Commercially Available Testing Tools
Once an application has been developed, the developers must demonstrate that it performs the tasks for which it was designed accurately, reliably and with adequate performance. For this to be fulfilled extensive testing must be carried out and tools have been built to assist with this process. Developers have built different types of tool for addressing different aspects of the same general problem.
The importance of proper testing to detect as many errors as feasibly possible has been driven by the increase of malicious or criminal intent on the part of developers that produce applications with functions that facilitate fraud or other criminal activity (an especial risk to the financial industry). This problem has been addressed by European Community Legislation, increasing the onus on software developers to show that they took all reasonable steps to ensure an application was free of defects and suitable for the purpose for which it was developed.
Failure to do so could leave the developer liable to be sued by anyone have has incurred a loss in any business as a result of software collapse. The main types of tool that have resulted as a partial result of this are described below. There are a large number of testing tools that are available, but they all work in very different ways. The main types of testing categories are described below. Tools that analyse source code without executing test cases, but in deriving test cases for the software to be tested.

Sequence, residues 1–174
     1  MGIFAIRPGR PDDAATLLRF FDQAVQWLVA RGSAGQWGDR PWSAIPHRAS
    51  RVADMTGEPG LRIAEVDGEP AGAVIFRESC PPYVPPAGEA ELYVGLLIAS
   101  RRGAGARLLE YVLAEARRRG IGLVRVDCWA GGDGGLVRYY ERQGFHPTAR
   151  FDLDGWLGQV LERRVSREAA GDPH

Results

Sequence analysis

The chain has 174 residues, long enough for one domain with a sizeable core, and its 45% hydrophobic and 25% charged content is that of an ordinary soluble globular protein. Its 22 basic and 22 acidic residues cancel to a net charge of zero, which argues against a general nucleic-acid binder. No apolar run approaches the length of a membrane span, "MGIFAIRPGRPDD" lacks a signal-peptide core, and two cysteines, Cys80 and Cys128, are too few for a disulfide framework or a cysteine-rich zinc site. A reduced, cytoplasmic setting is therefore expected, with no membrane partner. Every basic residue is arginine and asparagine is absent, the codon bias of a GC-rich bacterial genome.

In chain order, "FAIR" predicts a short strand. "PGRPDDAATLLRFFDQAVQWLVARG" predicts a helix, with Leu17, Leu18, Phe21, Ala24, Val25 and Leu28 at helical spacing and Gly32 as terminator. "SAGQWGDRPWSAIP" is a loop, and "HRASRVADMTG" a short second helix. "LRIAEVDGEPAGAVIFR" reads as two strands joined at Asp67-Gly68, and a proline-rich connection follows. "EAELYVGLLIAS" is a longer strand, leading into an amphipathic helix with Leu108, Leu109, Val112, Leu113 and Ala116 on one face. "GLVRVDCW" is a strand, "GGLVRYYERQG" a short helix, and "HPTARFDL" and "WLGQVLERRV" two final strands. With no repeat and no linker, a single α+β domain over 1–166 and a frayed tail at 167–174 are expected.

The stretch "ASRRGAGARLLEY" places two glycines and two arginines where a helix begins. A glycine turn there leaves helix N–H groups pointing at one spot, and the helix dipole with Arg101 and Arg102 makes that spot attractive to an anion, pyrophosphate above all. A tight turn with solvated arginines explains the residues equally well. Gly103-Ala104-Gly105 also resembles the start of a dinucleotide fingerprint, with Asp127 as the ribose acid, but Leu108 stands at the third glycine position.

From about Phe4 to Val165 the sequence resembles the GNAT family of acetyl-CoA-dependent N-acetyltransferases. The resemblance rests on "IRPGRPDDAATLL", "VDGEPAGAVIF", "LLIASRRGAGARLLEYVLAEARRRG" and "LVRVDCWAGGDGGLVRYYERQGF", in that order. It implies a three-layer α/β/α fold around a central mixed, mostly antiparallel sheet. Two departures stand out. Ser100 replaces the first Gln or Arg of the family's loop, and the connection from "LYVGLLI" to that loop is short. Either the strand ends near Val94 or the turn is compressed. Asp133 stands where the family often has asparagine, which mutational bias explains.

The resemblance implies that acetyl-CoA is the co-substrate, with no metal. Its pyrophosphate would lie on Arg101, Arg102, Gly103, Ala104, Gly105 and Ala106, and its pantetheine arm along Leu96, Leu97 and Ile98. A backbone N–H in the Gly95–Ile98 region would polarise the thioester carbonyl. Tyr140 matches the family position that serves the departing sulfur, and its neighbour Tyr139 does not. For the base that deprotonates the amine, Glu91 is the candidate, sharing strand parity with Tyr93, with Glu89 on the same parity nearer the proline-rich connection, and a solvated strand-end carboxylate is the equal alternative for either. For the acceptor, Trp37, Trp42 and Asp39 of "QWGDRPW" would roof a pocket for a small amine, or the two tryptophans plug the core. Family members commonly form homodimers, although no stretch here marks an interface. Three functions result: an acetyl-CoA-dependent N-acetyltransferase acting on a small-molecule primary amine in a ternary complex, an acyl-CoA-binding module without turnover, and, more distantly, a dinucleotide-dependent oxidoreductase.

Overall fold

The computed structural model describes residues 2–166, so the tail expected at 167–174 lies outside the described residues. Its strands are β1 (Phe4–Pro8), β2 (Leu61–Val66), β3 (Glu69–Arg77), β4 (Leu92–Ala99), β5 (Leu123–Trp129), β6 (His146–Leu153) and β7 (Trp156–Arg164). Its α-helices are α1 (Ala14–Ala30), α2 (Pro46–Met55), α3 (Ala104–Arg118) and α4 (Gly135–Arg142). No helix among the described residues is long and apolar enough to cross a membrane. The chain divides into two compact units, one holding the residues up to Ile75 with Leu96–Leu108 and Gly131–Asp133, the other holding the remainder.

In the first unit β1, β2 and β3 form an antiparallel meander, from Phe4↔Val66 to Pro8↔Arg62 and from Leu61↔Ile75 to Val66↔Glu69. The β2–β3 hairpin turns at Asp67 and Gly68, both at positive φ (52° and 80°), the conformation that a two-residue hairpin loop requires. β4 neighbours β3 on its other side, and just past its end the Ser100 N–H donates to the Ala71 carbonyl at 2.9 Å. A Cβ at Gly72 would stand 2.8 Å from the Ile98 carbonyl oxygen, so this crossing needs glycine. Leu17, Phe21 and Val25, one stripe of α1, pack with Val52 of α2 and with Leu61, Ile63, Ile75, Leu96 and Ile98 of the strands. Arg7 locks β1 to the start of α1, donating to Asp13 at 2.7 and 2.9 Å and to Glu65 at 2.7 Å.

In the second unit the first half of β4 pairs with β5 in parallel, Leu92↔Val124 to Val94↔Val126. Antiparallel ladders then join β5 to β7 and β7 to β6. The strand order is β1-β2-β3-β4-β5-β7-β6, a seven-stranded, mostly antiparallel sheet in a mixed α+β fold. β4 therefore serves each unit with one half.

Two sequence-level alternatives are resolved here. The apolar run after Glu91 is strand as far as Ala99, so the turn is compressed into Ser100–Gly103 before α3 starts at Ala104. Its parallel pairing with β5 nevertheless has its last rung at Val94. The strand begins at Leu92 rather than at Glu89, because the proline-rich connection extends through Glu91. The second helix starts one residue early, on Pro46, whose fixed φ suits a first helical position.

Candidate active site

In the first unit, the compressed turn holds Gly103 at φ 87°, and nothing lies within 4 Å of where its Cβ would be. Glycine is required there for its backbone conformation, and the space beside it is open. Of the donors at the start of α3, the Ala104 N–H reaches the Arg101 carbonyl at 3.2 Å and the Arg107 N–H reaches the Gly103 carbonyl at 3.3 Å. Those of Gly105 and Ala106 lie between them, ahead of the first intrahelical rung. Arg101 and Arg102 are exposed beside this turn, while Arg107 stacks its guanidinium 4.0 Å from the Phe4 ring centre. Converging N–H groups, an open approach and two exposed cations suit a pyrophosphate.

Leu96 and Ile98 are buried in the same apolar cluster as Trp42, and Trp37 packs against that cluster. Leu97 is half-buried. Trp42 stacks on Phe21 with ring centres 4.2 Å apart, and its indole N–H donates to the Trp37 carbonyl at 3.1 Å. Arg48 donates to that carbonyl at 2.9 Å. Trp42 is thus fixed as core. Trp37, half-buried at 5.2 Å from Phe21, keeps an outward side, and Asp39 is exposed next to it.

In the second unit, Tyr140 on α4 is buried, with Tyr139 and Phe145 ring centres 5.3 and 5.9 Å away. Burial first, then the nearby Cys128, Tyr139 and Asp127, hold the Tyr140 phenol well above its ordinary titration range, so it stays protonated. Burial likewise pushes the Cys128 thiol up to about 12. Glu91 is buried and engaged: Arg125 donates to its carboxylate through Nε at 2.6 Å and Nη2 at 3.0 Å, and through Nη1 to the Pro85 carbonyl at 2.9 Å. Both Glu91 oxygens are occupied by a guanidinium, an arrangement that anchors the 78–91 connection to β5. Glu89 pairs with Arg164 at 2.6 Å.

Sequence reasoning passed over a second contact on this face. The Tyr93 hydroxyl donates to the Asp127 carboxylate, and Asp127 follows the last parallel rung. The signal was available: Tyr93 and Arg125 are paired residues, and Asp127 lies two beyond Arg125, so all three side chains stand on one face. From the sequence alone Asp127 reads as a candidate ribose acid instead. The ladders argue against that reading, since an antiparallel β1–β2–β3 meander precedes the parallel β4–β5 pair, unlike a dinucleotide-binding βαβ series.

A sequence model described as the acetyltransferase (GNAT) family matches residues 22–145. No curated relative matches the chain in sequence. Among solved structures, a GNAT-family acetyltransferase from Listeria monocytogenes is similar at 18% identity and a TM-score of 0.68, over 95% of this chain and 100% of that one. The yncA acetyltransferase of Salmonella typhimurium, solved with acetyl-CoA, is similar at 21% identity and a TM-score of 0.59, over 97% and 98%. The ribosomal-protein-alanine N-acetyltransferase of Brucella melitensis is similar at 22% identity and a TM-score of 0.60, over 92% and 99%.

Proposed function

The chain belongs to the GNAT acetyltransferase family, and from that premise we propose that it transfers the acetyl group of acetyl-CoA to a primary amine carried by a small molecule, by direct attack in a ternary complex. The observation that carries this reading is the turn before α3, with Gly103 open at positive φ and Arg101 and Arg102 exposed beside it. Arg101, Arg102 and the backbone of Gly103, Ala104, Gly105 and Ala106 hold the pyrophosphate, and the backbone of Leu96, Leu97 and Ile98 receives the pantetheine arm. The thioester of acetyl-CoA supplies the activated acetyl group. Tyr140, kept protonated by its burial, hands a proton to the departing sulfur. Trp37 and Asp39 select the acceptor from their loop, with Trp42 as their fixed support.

There are three different types used in industry that are described below: Code based testing tools accept source code as input and perform a number of analyses that result in the generation of test cases. This type of automated tool can broken down in to four further categories. The first are Code analysers that evaluate test modules automatically for proper syntax; statements are then highlighted where the syntax is wrong, if construction is error prone or if an item is undefined.
The second category is Structure checkers where modules are submitted as input and a graph generated, depicting the hierarchy of modules and tools check for structural flaws, for example, determining the location of loops and branches and how they are used within the system. The third type are Data analysers which review data structures, data declarations and module interfaces, and notes improper linkage between modules, conflicting data definitions and illegal data usage.